Until this year, the idea of Android as a force in the games market was almost laughable. While Apple’s iPhone and iPad were the darlings of everyone from Electronic Arts through to the tiniest indie, Android was widely seen as a disaster. Developers rightly complained about Google’s shoddy Marketplace, Android’s high levels of piracy and the colossal problems of fragmentation, and it was widely said that it was impossible to make money on Android. iOS was the future for the casual gamer. PlayStation, Xbox and Nintendo were still the choice for the hardcore crowd.
Maybe that was true, but no-one should be laughing anymore. Android now powers the $99 console behind one of Kickstarter’s most successful campaigns, not to mention a device that could transform mobile gaming. The twin terrors of piracy and fragmentation won’t be beaten overnight, but Android is fast becoming a viable gaming platform. In fact, it might turn out to be the most disruptive one of all.
Android has always had three problems as a gaming platform. First, for a long time Google just didn’t seem to understand how to sell games (or, indeed, apps). Where the iTunes App store provided game developers with real opportunities to get their titles showcased, Google’s MarketPlace gave you nothing but lists, with no real indication of which games were the most exciting, the most likely to show off your tablet or smartphone, or even which were genuine new titles and which were shoddy ports, rip-offs, dodgy old hits or plain crapware. Buying games on Android was a nightmare; publishing them was arguably worse.
Second, there was the piracy problem. It’s an issue on home consoles and a concern with iOS and Jailbroken phones, but on Android piracy is nothing less than a scourge. While there are dissenting voices – Wind-up Knight Developer Chris Pruett has publically claimed higher piracy rates on iOS than Android – most developers believe that piracy on Android makes it harder to make a profit on the platform. The fact that anyone can download and sideload an APK from any source makes all it too easy, and DRM is practically non-existent. MadFinger, the developers of ShadowGun, have claimed that piracy rates are as high as 80 per cent, leading them to finally release their next game, Dead Trigger, on a freemium (free with paid-for premium add-ons) model. Last year, Appy Entertainment put piracy rate for its Facefighter game as high as 70:1, while this year Sports Interactive’s Miles Jacobson put them even higher, at 9:1 for Football Manager Handheld 2012.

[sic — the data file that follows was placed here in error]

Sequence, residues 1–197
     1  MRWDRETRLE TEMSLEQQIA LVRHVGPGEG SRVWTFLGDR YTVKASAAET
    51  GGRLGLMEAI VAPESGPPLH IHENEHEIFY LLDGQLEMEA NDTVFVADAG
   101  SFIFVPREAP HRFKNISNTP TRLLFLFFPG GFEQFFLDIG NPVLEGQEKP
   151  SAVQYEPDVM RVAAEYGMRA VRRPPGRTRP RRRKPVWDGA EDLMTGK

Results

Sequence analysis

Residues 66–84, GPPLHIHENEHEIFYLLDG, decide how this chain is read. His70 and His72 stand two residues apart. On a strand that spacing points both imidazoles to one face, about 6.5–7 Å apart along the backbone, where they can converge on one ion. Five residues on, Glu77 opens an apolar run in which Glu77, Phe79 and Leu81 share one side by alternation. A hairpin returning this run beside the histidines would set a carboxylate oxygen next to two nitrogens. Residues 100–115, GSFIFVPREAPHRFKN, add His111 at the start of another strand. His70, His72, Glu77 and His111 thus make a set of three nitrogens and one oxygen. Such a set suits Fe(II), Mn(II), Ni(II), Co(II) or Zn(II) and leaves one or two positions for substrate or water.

Finally, there’s fragmentation. There are currently around 4,000 different devices running eight different versions of Android on a bewildering range of SoC (System on a Chip) processors and outputting to an array of different screen sizes and resolutions. Admittedly, Some SoCs are more popular than others, while most Android devices are now running Android 2.3, 3.0, 4.0 or 4.1 (Gingerbread, Honeycomb, Ice Cream Sandwich and Jelly Bean). All the same, that’s a lot of different configurations to cater for, not to mention test, bugfix and support. As Simon Morris, Technical Director for console/iOS/Android developer Strawdog Studios puts it, “Developers can’t realistically support every single device on the market, and although the Android OS does make some compatibility issues easier to manage, some devices simply don’t conform 100 per cent to the Android standards either.” “This” Morris adds, “Leads to unhappy customers that have bought content which doesn’t work as they (rightly) expected. This pushes QA and support costs onto publishers, which can sometimes be disproportionate to the revenue being generated.”